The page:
Sloan and Don run into Wyatt at the dinner. Despite Sloan’s insistence that she’d never date someone like Don, Wyatt promises that he’s going to nail the two. Meanwhile, Mac is approached by a woman (Clea DuVall) who reveals that she’s Neal’s source. She’s upset that the story hasn’t been aired yet, and gives Mac 96 hours until she uploads the story to the internet herself.

Finally, Will is served with a subpoena to appear in front of a federal grand jury. He asks the others if it’s possible that he’s not as big of a TV star as he thought he was.

While this episode doesn’t provide as many big laughs or tense moments as the first two this season, I can’t say that it’s a bad episode either. It’s just not quite up to par with what’s come before. Aside from all the Maggie, Jim and Hallie stuff, I’m really enjoying this season of ‘The Newsroom’ and the story arc involving Neal, Will and the leaked documents. It’s going to be a shame to see this show disappear forever in a few more weeks, but at least it seems to be making a strong run towards the finish line.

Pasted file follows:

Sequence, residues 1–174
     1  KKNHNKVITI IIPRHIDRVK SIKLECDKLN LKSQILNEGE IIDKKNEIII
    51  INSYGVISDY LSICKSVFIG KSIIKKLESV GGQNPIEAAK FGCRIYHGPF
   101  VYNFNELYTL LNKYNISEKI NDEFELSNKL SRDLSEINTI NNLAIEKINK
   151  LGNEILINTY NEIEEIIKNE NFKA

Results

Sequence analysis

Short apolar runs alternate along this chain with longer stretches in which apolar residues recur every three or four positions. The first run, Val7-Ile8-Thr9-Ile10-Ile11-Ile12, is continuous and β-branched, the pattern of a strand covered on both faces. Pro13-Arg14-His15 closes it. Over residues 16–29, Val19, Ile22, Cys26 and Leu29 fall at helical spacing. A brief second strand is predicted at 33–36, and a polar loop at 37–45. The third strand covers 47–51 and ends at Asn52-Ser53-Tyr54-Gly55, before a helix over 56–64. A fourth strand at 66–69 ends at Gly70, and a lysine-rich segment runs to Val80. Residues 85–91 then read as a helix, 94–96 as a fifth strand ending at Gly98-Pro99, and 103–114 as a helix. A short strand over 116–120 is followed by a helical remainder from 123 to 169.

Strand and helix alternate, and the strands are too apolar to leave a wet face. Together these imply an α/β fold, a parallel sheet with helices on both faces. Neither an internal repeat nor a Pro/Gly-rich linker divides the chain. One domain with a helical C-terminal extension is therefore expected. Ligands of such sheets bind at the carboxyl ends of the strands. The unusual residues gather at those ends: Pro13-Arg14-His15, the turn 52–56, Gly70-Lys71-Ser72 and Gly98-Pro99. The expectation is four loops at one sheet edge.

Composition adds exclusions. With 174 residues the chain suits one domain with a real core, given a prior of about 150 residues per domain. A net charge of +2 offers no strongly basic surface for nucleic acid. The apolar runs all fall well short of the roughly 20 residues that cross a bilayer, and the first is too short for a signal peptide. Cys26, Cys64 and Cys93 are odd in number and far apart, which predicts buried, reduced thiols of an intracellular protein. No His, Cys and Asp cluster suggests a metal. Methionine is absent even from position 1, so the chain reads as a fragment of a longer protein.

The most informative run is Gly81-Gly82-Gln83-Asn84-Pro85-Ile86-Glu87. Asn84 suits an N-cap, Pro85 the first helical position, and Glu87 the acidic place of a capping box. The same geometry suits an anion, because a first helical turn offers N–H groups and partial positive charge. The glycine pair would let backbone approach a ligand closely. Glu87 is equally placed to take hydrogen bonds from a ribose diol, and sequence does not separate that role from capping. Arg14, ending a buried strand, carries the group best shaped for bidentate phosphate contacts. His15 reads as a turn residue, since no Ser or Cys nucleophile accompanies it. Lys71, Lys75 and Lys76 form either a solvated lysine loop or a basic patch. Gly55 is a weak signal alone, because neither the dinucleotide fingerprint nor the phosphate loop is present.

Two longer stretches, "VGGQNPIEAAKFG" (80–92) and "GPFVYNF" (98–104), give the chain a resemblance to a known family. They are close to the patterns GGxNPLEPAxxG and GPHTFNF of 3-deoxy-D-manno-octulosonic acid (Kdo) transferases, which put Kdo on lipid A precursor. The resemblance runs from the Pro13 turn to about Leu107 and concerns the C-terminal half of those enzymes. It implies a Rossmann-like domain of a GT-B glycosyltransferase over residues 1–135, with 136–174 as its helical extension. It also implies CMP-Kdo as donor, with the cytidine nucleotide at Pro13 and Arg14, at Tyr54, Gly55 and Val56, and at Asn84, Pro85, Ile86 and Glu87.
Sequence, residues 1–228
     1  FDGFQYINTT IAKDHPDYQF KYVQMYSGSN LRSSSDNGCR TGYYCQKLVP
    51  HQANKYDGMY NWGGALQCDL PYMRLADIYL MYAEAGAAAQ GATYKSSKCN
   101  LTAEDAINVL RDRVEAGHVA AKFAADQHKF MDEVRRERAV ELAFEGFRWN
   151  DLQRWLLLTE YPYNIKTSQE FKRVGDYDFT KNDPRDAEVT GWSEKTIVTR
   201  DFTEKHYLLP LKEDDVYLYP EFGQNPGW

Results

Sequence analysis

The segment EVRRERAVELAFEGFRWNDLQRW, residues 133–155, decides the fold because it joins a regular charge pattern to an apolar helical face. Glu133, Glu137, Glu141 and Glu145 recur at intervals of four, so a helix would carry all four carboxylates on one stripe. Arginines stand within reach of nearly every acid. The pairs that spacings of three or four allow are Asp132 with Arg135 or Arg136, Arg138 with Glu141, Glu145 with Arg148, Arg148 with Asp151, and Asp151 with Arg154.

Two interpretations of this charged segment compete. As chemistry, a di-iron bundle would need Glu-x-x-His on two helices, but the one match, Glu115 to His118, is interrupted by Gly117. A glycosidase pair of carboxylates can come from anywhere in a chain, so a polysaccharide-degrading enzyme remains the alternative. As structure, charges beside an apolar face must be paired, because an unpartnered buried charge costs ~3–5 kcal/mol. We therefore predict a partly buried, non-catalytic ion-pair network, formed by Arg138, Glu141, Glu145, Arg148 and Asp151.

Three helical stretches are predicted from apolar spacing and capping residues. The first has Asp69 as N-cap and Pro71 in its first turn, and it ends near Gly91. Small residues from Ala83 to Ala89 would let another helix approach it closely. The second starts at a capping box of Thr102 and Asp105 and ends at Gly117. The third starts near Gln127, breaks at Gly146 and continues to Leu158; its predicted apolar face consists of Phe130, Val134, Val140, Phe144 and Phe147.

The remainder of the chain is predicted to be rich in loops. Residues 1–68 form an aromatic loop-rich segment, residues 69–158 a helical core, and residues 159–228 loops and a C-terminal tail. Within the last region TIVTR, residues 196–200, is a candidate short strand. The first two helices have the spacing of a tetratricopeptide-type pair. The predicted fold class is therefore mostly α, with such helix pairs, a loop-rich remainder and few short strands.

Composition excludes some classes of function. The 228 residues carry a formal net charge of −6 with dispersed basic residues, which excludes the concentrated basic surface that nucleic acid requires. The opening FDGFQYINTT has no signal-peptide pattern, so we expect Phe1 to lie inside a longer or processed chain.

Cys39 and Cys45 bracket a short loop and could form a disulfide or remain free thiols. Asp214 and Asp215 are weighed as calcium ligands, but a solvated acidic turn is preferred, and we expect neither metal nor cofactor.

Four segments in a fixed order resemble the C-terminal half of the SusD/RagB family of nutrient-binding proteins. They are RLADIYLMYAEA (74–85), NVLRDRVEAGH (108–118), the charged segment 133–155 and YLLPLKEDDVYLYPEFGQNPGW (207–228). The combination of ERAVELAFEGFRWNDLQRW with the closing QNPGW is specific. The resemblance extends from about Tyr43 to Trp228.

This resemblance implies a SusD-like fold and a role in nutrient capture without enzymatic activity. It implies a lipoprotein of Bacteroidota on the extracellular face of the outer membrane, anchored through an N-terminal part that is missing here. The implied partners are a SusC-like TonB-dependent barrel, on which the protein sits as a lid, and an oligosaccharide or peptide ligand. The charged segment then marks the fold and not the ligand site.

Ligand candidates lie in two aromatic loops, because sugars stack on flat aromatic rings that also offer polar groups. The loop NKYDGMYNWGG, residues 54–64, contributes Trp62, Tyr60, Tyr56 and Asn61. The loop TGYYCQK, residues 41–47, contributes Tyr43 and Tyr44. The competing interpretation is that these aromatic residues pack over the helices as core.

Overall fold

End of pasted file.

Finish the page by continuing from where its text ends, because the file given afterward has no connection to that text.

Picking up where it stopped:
1 comment

  1. This was a very frustrating episode. The stuff about Will and Charlie and Rebecca and the FBI was all really, really good. But the stuff about the sale of the network was really, really dumb.

    First off, the network was sold and totally integrated into the new parent company overnight without months of negotiations or FCC oversight? How the hell did that happen? B.J. Novak as the dipshit asshole CEO was just stupid. And the comic relief with the persistent HR guy who’s determined to catch Don and Sloan was annoying and pointless. All he could really make them do is sign a relationship disclosure agreement.

    The scene with the EPA guy saying that the world is going to end basically tomorrow was weird. I don’t know where Sorkin’s going with that. Is he going to end the series with an apocalyptic disaster just to spite the network for canceling him?

Leave a Reply

Your email address will not be published. Required fields are marked *